Georgia National Fair helps raise sales tax dollars to benefit local economy
The Georgia National Fair is “famous for fun.” But it is also a huge economic benefit for the state of Georgia, for Middle Georgia, for Houston County, and the City of Perry, according to Tommy Stalnaker, the Chairman of the Houston County Board of Commissioners.
500,000 people are estimated to visit the fair this year. They are spending their money at the fairgrounds and around town.
“Businesses like motels, the hotels, restaurants all benefit from folks coming into the fair,” Lee Gilmour, the City Manager for the City of Perry said.
The local economy is cashing in on the sales tax dollars. For every dollar that is spent, seven cents is collected as sales tax. Four pennies go back to the state, two pennies go to the Houston County school district, and one penny goes to the Houston County Board of Commissioners who splits it between the three cities and the county.
“The majority of the sales tax money that we collect is used on county wide projects,” Stalnaker said.
Some examples include the $7 million in upgrades for the 911 center at the Houston County Sheriff’s Office or the $20 million to widen State Road 96. Stalnaker credits the fair for helping raise penny sales tax dollars.
“The fair is one of the largest economic drivers during the year that we have in the county,” Stalnaker said.
The 2012 SPLOST is projected to raise $155 million over six years. The City of Perry’s share pays for projects, like the new sidewalk on Sam Nunn Boulevard.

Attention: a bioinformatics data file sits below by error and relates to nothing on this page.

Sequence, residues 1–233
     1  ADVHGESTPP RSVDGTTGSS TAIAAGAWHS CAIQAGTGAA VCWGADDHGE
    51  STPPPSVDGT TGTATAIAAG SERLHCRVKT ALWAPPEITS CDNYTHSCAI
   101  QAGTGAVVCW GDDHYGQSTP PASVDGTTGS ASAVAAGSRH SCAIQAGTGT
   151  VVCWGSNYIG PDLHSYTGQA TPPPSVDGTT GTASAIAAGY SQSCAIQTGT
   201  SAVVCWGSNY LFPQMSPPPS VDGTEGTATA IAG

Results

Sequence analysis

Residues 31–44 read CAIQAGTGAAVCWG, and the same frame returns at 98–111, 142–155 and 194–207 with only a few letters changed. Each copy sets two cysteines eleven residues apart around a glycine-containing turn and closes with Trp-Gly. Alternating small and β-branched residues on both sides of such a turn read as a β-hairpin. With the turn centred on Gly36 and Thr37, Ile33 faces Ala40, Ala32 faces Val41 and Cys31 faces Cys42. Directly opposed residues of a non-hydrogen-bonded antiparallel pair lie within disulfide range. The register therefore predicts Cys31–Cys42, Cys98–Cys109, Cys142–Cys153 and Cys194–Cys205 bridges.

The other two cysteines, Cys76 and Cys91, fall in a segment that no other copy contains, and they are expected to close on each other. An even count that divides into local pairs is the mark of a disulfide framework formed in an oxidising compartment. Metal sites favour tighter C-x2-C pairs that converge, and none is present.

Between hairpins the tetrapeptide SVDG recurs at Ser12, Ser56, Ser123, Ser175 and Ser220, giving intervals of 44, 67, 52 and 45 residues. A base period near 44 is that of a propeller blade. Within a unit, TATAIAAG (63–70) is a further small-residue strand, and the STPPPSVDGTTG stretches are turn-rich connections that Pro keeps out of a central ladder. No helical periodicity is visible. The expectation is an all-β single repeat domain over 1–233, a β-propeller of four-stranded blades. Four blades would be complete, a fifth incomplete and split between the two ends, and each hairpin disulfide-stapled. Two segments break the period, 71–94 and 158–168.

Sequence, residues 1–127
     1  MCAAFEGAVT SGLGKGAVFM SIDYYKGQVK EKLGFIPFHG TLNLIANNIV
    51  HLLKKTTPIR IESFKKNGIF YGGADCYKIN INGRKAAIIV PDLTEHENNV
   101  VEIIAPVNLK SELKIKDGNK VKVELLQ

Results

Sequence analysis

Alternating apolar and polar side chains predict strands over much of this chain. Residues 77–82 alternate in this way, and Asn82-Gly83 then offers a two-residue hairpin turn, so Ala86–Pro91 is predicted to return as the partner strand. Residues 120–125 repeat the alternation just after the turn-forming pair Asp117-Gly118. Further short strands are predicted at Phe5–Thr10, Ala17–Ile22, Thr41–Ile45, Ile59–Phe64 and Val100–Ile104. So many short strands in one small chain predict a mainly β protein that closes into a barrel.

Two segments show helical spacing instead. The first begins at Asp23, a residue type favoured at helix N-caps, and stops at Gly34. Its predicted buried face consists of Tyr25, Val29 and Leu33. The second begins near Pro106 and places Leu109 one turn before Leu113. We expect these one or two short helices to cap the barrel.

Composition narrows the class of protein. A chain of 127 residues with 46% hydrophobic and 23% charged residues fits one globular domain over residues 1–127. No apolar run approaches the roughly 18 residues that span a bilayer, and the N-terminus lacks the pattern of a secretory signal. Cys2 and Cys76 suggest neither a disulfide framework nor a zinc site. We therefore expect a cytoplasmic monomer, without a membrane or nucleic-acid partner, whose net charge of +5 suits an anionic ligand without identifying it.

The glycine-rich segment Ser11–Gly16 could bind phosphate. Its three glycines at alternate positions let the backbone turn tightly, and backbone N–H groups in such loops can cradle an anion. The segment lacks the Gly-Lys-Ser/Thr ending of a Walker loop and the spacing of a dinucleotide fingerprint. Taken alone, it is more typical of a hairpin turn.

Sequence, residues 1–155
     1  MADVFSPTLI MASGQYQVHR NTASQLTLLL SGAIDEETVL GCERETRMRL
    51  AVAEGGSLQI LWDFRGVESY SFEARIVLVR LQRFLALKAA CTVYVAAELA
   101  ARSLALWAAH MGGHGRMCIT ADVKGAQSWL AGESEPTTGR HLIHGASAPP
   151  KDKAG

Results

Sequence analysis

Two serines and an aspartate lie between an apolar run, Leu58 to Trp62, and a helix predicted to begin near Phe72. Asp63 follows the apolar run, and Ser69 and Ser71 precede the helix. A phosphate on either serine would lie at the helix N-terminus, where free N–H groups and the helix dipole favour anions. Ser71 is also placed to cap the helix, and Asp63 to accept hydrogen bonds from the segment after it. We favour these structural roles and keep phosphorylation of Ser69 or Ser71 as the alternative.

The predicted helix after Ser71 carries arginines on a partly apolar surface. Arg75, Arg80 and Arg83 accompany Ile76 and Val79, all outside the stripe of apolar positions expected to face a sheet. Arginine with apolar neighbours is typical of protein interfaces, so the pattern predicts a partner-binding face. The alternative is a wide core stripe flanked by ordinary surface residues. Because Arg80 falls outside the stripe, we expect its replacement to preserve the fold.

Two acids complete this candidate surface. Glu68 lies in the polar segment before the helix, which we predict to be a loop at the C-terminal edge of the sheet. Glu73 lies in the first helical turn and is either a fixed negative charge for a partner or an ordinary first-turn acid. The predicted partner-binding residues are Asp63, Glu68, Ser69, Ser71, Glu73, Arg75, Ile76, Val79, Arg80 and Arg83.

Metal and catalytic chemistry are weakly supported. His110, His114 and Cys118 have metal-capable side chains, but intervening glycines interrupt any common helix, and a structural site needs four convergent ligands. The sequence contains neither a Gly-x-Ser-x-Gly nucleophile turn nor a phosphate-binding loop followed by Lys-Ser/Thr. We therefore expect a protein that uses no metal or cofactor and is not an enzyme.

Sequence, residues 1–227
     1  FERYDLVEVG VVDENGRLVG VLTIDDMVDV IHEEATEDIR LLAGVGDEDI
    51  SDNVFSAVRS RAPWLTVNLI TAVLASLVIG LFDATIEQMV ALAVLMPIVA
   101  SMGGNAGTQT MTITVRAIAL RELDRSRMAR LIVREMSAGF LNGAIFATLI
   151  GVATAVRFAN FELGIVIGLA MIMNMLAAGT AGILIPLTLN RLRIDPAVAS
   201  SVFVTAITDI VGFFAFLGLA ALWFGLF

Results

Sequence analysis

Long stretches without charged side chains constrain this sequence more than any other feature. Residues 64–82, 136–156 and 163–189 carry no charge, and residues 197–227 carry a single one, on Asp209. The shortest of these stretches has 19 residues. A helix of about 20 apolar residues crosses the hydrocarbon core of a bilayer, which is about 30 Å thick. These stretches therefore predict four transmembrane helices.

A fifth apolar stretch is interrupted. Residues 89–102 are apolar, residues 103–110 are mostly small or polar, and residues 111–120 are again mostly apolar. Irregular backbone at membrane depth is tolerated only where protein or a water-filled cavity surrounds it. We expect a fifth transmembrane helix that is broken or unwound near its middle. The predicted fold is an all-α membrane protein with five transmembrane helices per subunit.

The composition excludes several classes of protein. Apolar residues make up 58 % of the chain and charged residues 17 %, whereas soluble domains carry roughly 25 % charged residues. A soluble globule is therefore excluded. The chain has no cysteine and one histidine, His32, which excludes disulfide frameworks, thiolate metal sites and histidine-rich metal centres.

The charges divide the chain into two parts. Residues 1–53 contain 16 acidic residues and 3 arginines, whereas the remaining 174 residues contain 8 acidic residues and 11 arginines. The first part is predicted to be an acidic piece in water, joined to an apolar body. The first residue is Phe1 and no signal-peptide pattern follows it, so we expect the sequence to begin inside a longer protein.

“We use it for water and sewer projects, we use it for parks and recreation projects, we use it for public safety projects, as well as street resurfacing, bridge work, sidewalks the general gamut of public projects,” Gilmour said.
Gilmour adds penny sales tax dollars take some of the burden off taxpayers.
“It certainly is a good relief for taxpayers in Perry to not have to pay for all this capital structure themselves,” Gilmour said.
The Houston County school district collects two pennies. One penny goes toward the LOST, which helps pay for the overall operation of the school system. The other penny goes toward the ESPLOST which pays for improvements across the district, like the new Langston Road Elementary School.
“We have used it for construction, for the purchase of land, for technology, equipment,” Stephen Thublin, the Assistant Superintendent for Finance and Business Operations said.
Thublin says the education penny sales tax should raise $112 million.
“Without the ESPLOST our schools would really be in just such disrepair,” Thublin said. “We would not be able to maintain them anywhere near the level that we currently are.”
So remember with every dollar you spend while enjoying the Georgia National Fair money is going back to the local economy and making a better Houston County.
Stalnaker tells 41NBC it looks like the county will be about $16 million short of its penny sales tax projection because of economic downturn and change in tax laws. But he says they will finish all of the projects on the SPLOST list.
The 2012 Houston County SPLOST is will end in September 2018.